Looking at your coaching technique reveals more that you might think. In Part Three of this blog series about the “7 eyed Model” for coaching reflection and supervision, I’d like to share my experiences of looking at my work through the second ‘eye’ of Supervision: The Intervention which is effectively the tools, techniques or questions used.
I’m sure I’m not the only one who has left a “busy” coaching session and then asked myself “What exactly did I do?” and did it work or not ?? I find that sometimes I have clear inspiration that using a tool or technique that I have used before might be valuable, sometimes I feel like I need to create something specific for the client in front of me …. And of course sometimes I get stuck and don’t know what to do to be of any use !! When this happens I often feel that it would be helpful to talk to another coach and ask “What would you have done?”. Interestingly, whilst seeking support when I get stuck seems like a sensible approach, it hasn’t always occurred to me to review “why” I chose a particular approach that did work well. Through supervision and using this second eye of the model – it’s possible to slow things down and consider what influenced my decision to use a particular approach or line of enquiry.
Let’s take a recent example when I almost surprised myself with the technique I used ! My client was an independent consultant. Most of her work came from one big organisation – but they had frozen the budget and so suddenly her income took a massive dip. She was also experiencing some personal difficulties with her daughter. As she started the session a bundle of different emotions and issues tumbled out and I found I could not keep track of what she was saying. I decided to use the gestalt technique of deconstructing the issue into the separate components. Normally I would give the client post it notes to label up – but I didn’t have any! So we used some paper napkins to write on, then used whatever else we had in the room – water bottles, coasters, pens, notepads to represent different issues in the system. This really helped to slow her down and literally “see” the issues laid out. But the more interesting question is what drew me to use this technique? It was quite a creative solution – and as a coach I know I can tend to be quite “safe and rational”.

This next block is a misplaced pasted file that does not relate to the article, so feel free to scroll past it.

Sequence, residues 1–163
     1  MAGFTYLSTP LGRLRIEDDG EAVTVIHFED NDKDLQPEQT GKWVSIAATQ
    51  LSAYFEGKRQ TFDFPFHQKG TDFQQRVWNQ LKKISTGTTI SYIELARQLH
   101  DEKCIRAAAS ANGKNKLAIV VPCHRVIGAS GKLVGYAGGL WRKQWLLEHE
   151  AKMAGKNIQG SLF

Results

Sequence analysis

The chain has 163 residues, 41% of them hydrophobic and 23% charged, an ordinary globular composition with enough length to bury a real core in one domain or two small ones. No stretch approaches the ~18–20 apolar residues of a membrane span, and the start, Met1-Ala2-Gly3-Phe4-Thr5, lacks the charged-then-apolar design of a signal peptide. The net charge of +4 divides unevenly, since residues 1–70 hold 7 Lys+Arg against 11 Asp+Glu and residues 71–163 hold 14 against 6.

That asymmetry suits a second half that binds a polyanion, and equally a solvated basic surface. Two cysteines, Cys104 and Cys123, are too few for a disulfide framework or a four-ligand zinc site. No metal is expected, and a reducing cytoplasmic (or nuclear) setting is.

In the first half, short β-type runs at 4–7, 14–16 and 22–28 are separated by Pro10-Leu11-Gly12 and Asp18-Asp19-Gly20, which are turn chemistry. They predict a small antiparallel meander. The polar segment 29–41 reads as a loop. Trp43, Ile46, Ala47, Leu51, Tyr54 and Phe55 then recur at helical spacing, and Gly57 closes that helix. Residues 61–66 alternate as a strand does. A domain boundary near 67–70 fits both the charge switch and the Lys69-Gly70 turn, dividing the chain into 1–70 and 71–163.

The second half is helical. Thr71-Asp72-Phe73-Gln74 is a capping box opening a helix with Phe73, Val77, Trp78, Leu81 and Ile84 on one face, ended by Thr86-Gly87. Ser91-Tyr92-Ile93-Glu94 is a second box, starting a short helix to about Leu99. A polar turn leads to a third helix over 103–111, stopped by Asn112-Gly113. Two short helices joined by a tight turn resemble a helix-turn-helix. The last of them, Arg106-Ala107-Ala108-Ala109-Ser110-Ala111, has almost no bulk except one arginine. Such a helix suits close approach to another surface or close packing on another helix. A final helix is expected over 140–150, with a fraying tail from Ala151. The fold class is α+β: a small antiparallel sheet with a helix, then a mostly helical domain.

So, what prompted me to take this more creative approach? Firstly, we were working in the office of a “funky” social enterprise / business start-up hub – so perhaps the creative environment prompted a different flavour to the work. I also remember feeling tired that day and I had noticed that I was beginning to “work quite hard” - I felt like she was looking to me to make sense of things. So I wanted a technique that clearly put responsibility back to her for sorting things out. Finally, as she had done some coach training herself, I thought she might be familiar with the technique (I checked and discovered that she was). This was actually useful on two fronts, at a practical level it meant it was easier for us to use the technique, plus it also gave her a sense of confidence, it grounded her as here was at least one area where she “knew what to do”.
Diagram taken from Hawkins & Smith (2006) and adapted by Michelle Lucas
What I’ve discovered is that although it might sound like this eye is one that works in isolation – as with many of the other eyes it is actually influenced by the coach, the client and the context. Inevitably, when we start out we have a limited number of techniques to pull upon, whereas with experience you will have more or you can co-create something with the client. The kind of technique chosen might also reflect the characteristics of the client – for example some will like a rational structured dialogue and would balk at the idea of doing something creative. Others relish the opportunity to work differently and will experiment by working with metaphor or exploring things through creating pictures or sculpture.
Our technique is also influenced by our philosophy as a coach if you favour more psychological approaches you are more likely to “dive deep” than those coaches who prefer more action oriented approaches. Moreover, the context in which the coaching is done can also influence the techniques – for example I’ve noticed that some organisations train their internal coaches in a specific approach which by definition will limit the diversity of techniques used. Similarly as an independent coach if you work as an associate, you will sometimes be required to using psychometrics or 360 as part of the “package”.
So, I hope this illustrates that there’s no such thing as a simple “choice” of technique! This second eye brings fuller consideration of what really prompted you to do what you did? I know that at times I can be a “creature of habit” – so when I reach for one of my favourite techniques, this eye acts as my “jiminy cricket” and causes me to stop for a split second and think – “how else could I support the client right now?”
I wonder what has this blog prompted you to think about the techniques that you have used recently? It would be great to hear your experiences of what you think influences the techniques you use a lot or a little?
Image Credit: zzpza (Flickr)